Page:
Saturday, March 17, 2012
What do you think is going on to draw such a crowd? You'd look at this shot and think it was an awards banquet or speech contest. Would you ever in a million years guess school board meeting? That was what I thought, too, as I walked into our gym. Hundreds of people-- best guess is 600-- showed up for a school board meeting to express our love and concern for our schools. Six hundred people came to a school board meeting. As a government teacher, I was pretty pumped. As a community member, I was encouraged. As a teacher at this school, I was overwhelmed.
This meeting has caused hard feelings on all sides of the issue, and that makes me incredibly sad. For me, this hasn't been about 'us vs. them' in the least-- and it is bad for all of us that that is what it's becoming. But I want the same thing for the neighboring high school and it's students that I want for ours: local control and all the benefits that come from small schools. Research supports it, but our proof is in the graduates. Both of our schools have sent kids off to top notch colleges, ready for the challenges their futures hold. We've sent kids who were considered 'at risk' for not graduating into the community college system with their high school diplomas in hand. We both do very good things, and that has benefited all of us. To me, a potential budget savings of only 1/15th of the shortfall is just not worth risking losing our small schools. Our budget it tight, there's no doubt about it: but a proposal such as this should be the last option, brought forth after all other options have been implemented. Closing schools and/or reconfiguring them damages the community as a whole in so many ways, and much of that impact continues on for decades after the event. The pros have to significantly outweigh the cons, and I dont' think they do for us right now.
I lost my community district 6 years ago, and I regret voting for that merger every day. My kids are still getting a solid education, but some of what we lost can't be easily measured or documented. There was a solid safety net under all of our kids; when they graduated from our k-8 district (one campus with one class per grade level) they went onto high school with confidence in themselves, an ability to get along with anyone, and a depth of creativity to 'make it work' in any situation. They had years of practice on all those skills, and we always had students in the Top Ten from each high school to which we tuitioned kids, which shows their academic skills got some use, too. When we merged in with our current district, I watched some of those opportunities fade away as we we exposed to more tangible ones: my children may now have tech ed and IA opportunities, but I'd trade those in a heartbeat for them to have the opportunity to truly learn to accept their classmate's strengths and weaknesses. Those kinds of skills take you far in life, no matter what you choose to do or where you choose to live. What we gained in that merger does not even come close to equaling what we lost.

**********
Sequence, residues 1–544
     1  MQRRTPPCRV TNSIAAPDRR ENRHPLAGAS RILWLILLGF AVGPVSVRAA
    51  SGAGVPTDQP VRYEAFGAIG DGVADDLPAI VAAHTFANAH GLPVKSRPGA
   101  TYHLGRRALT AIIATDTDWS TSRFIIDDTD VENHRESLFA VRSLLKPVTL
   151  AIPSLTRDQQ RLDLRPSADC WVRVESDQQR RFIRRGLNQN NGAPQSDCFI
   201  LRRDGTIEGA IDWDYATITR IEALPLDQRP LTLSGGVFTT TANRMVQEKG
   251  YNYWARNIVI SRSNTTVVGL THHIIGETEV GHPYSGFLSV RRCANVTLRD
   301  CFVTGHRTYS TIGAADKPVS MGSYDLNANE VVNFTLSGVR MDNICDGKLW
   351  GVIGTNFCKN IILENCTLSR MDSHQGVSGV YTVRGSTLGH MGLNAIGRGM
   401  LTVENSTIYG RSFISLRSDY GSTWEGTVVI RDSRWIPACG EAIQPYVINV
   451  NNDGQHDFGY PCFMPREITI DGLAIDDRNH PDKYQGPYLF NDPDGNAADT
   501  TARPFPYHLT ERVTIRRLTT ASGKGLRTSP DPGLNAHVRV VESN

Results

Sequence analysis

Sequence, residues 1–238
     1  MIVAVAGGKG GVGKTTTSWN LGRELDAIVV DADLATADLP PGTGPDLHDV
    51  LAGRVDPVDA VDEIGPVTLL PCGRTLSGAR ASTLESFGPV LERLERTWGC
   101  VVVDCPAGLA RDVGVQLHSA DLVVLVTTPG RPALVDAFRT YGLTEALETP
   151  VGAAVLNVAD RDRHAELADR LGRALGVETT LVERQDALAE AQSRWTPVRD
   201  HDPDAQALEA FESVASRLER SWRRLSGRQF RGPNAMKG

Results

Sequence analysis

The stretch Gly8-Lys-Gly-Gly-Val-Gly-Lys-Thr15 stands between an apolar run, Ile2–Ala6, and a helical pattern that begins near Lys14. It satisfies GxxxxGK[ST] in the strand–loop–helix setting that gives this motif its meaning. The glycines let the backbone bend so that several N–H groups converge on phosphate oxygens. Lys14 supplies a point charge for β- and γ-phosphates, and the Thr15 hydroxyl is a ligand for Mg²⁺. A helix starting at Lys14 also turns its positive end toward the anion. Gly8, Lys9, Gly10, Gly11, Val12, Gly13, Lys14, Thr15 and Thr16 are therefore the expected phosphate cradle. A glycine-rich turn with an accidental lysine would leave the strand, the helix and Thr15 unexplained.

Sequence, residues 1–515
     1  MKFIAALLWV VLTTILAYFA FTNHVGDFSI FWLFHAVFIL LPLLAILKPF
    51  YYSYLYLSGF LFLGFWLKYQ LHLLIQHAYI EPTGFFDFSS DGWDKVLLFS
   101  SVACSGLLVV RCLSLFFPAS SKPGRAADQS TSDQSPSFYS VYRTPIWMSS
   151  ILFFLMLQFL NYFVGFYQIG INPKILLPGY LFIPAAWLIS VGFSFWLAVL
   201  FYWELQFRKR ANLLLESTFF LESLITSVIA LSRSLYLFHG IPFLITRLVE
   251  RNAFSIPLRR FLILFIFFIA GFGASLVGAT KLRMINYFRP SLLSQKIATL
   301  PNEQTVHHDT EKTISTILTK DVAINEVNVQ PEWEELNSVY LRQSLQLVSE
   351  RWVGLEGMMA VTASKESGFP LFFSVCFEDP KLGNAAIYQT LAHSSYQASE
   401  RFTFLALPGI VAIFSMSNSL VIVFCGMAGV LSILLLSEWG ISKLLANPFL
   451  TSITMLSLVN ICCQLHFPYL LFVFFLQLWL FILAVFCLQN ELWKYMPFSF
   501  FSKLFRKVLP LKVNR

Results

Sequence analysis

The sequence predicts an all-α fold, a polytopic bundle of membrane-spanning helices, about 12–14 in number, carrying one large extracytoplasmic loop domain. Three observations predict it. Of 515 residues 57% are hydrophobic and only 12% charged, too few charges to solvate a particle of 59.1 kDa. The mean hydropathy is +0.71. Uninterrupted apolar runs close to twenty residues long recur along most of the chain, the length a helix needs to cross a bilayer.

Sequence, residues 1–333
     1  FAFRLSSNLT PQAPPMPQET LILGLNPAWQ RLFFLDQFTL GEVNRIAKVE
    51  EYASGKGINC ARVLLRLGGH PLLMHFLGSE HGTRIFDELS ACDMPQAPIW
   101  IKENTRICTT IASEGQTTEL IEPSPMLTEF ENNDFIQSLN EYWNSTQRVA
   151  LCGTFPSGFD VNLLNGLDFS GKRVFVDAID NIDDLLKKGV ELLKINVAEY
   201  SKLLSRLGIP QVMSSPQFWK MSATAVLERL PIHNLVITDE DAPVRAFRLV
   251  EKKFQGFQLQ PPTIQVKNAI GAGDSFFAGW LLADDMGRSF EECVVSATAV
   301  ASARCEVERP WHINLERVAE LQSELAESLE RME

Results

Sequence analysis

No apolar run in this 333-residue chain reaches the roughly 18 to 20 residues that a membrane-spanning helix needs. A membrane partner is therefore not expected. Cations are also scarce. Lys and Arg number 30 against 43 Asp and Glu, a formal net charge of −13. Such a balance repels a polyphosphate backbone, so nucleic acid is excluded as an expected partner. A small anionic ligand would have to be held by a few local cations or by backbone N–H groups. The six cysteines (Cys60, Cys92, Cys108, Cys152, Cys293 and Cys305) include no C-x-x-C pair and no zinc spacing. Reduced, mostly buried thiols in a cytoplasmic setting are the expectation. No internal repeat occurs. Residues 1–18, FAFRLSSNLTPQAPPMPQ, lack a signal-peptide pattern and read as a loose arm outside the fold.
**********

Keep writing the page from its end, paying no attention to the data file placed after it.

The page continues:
Regardless of how you fall on this issue, you can't deny that people in this community care about our education system. I think more people came to this board meeting than voted in the last gubernatorial election. No matter what else you think or feel about this topic, those numbers are impressive. If we can harness that energy into positive action, imagine how amazing our schools could become...